Therefore, the more relevant, authoritative backlinks you have pointing to your website, the  more credible and trustworthy your site will be seen in the eyes of search engines. All else  being equal, this will allow you to rank higher in search engines. 

Anchor Text 

“Anchor text” is simply the text that you click on in a website link. It looks like this. 

The anchor text of a link can add to the relevancy of the backlink or an internal link between  two pages on your own website. 

Link Equity / Link Juice 

Link equity or “link juice” is the idea that a linking page can pass its ranking power to the  website in which it links to. 

The link equity of a specific link comes down to a lot of factors, such as the domain  authority of the linking domain, the relevance of the linking page, if the link is a dofollow or  nofollow, and many others. 

TECHNICAL SEO TERMS 

Page Speed & Load Times 

The page speed and load times of your website are critical for your SEO strategy. Why?  Users are impatient. They won’t wait more than a second or two for your site to load. And,  Google will give ranking preference to websites that load fast.  

If your keyword strategy and content are all dialed in, but your website loads really slow,  you won’t win the SEO game. 

Minify 

You may also hear vendors use terms like “smush”. This term is related to the process of  trying to compress or simplify all the code on your website so it’s easier (and faster) to crawl.  

Image Compression 

This is similar to “minify”. It’s another attempt to reduce the file size so your site will load  faster.  

Canonical URLs  

If you do have duplicate content on your website, inserting a canonical tag can be helpful. A  canonical tag specifies to search engines which page contains the preferred website URL,  which in turn reduces the amount of duplicate content on your site.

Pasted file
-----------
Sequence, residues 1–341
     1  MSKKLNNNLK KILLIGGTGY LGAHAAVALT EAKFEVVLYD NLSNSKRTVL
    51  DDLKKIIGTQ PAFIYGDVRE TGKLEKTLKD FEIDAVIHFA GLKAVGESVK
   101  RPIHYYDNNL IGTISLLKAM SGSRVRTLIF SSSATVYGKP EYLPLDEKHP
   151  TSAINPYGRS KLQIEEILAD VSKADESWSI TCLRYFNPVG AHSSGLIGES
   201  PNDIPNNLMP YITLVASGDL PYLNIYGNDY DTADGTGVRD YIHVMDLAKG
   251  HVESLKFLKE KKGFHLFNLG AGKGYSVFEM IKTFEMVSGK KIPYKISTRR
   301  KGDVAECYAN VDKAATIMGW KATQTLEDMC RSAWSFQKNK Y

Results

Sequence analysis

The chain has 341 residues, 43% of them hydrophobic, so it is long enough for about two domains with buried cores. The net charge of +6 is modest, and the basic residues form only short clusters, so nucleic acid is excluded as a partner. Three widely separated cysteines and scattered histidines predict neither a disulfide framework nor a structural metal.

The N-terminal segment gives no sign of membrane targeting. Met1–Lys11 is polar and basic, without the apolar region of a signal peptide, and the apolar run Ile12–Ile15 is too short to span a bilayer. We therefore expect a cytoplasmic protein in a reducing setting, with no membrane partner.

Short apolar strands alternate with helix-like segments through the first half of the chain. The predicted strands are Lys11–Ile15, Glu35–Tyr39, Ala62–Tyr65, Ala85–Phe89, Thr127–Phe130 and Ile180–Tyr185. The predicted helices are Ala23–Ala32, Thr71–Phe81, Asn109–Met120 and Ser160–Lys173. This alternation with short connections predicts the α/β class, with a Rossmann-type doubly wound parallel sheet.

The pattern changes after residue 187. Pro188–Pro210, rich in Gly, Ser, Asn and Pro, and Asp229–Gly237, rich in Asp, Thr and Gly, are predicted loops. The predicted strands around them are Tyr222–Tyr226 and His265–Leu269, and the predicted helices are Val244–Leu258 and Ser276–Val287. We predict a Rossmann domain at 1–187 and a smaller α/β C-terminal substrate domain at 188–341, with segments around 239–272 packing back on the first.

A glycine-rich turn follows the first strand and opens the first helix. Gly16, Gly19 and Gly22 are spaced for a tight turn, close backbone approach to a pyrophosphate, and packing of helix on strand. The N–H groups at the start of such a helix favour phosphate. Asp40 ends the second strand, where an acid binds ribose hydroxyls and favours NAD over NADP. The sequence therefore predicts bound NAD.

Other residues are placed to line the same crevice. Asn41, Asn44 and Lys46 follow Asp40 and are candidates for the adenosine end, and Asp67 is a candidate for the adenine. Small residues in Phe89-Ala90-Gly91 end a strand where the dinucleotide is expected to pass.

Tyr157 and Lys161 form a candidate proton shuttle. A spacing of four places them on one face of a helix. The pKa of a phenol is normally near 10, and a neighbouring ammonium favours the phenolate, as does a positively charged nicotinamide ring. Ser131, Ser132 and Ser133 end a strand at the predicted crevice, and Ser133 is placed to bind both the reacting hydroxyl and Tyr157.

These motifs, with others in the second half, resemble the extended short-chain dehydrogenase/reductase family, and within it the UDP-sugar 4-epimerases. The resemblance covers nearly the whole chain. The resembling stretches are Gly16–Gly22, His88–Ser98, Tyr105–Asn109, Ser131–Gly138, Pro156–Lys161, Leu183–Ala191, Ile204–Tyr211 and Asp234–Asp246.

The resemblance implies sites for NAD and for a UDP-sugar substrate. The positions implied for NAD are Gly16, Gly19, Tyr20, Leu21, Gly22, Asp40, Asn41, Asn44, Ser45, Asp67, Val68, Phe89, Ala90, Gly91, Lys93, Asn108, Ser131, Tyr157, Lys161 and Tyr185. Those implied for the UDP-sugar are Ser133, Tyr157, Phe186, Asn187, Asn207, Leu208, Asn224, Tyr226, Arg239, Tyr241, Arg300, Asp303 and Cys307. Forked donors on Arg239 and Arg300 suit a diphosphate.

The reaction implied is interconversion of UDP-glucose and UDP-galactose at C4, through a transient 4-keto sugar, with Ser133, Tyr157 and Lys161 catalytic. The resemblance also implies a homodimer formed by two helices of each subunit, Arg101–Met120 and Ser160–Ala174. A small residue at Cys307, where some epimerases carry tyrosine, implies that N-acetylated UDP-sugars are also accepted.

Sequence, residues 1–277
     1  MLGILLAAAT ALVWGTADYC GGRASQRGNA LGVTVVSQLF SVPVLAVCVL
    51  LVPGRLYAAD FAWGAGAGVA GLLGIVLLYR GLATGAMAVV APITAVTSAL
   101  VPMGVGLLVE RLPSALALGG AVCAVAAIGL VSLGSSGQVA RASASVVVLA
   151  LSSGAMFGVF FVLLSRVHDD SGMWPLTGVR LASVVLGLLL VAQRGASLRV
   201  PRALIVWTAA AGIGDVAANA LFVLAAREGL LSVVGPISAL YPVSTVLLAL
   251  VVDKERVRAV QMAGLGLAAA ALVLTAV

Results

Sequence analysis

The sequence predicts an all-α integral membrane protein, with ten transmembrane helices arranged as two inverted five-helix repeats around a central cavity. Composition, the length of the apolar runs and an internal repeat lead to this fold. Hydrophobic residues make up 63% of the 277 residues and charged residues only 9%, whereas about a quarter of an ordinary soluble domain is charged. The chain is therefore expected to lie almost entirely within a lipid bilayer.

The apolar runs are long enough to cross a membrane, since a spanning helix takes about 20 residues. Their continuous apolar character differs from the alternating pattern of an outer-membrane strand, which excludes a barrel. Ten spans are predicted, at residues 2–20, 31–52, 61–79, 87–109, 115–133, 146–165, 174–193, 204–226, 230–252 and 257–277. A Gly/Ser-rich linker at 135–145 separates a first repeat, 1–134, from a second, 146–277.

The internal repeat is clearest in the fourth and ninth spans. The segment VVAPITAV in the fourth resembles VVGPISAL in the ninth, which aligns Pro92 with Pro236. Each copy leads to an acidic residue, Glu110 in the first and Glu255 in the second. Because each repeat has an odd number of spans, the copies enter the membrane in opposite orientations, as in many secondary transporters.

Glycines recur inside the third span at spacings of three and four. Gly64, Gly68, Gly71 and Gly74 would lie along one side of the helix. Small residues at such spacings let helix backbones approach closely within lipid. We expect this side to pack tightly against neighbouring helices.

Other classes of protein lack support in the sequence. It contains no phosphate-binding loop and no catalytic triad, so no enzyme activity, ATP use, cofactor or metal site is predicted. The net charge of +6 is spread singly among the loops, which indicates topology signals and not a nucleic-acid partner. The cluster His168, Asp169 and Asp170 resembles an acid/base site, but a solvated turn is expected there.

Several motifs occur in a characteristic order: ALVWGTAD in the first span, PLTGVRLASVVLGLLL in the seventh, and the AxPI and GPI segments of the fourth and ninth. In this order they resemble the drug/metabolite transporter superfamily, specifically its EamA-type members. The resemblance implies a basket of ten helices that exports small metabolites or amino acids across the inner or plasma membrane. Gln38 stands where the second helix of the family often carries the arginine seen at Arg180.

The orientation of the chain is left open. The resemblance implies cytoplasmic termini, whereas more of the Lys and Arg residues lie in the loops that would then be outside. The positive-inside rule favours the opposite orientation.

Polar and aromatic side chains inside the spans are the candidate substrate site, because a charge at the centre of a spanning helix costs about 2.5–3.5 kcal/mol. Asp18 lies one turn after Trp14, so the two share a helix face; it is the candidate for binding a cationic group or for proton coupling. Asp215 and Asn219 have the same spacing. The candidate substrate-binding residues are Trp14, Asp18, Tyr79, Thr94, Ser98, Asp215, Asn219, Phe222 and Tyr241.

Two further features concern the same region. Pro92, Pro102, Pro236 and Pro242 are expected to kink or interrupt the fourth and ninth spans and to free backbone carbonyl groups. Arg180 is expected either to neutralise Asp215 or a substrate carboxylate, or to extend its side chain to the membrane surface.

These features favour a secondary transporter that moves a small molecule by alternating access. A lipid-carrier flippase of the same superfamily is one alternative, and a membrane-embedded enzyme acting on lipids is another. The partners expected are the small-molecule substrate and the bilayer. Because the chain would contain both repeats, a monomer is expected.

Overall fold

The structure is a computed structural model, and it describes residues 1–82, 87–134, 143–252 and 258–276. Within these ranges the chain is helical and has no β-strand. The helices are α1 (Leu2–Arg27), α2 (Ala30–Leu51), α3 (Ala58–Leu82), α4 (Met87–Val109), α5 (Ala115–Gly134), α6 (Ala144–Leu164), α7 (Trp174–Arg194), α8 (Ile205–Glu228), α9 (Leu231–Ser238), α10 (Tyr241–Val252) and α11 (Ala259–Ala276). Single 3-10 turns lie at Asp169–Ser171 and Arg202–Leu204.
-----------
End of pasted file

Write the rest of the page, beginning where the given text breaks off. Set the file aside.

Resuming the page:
Structured Data 

Building structured data is the act of helping Google understand your website content  through creating a detailed site description in a language (code) that Google can readily  understand. For example, your structured data might include the title of the article or  content, the description, and other elements baked into a code (schema) that Google likes.  

Schema Markup  

Schema markup is a form of structured data that specifies additional information of your  website to search engines. By implementing schema markup, you can better communicate  specific details of your site. 

You can include rich results like reviews of your products or services in search results, your  business address, logo, location, and much more. 

DoFollow vs NoFollow Links 

A “nofollow” link tells search engines not to follow a specific website link and to ignore it  completely. Nofollow links do not pass link equity. 

On the other hand, a “dofollow” link tells search engines to indeed follow website links.  These types of links do pass link equity to the linking site. 

SSL Certificate 

An SSL certificate is used by websites that have “HTTPS”. It ensures your website is secure  and safe to use. An SSL certificate is especially important for websites that accept credit  card and other forms of payment. It is an explicit search engine ranking factor.